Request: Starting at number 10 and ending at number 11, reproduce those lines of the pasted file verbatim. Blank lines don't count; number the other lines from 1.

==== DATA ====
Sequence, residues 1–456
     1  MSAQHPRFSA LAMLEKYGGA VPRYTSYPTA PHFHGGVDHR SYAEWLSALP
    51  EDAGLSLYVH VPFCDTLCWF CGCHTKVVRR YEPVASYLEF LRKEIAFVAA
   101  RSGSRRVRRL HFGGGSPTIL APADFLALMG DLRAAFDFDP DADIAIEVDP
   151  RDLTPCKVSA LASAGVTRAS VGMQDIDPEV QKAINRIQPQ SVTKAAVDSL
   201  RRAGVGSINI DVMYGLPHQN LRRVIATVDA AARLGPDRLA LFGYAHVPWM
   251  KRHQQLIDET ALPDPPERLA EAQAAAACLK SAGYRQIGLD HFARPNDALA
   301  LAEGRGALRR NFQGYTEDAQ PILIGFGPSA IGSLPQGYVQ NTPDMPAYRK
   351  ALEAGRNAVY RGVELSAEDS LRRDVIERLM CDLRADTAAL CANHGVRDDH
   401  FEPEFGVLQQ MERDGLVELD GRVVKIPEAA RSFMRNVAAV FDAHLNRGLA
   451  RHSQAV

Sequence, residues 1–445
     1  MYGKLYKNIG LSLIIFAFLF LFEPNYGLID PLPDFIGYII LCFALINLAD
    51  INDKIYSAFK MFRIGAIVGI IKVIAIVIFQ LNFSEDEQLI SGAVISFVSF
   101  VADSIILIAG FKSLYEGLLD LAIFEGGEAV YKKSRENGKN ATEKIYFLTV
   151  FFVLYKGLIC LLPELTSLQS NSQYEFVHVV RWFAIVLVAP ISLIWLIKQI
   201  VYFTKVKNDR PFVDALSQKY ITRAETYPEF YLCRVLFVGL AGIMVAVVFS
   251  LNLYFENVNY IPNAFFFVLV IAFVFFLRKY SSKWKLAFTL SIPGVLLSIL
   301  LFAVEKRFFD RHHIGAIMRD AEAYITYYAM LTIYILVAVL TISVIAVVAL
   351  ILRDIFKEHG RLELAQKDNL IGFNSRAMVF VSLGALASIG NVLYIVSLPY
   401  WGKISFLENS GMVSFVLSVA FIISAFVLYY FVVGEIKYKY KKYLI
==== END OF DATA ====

   401  FEPEFGVLQQ MERDGLVELD GRVVKIPEAA RSFMRNVAAV FDAHLNRGLA
   451  RHSQAV